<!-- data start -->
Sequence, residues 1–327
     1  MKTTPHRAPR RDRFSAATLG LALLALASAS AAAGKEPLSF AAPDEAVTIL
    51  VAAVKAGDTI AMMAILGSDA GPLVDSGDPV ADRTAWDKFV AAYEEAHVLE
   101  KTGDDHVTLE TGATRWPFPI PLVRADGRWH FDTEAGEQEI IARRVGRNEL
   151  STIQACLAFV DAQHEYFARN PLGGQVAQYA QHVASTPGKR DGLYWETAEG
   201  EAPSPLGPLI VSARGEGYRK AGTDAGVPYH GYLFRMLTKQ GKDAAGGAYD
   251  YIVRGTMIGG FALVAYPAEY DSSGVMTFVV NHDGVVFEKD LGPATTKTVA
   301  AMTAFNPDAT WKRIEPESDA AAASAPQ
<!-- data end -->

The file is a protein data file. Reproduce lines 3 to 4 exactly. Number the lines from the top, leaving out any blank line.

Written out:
    51  VAAVKAGDTI AMMAILGSDA GPLVDSGDPV ADRTAWDKFV AAYEEAHVLE
   101  KTGDDHVTLE TGATRWPFPI PLVRADGRWH FDTEAGEQEI IARRVGRNEL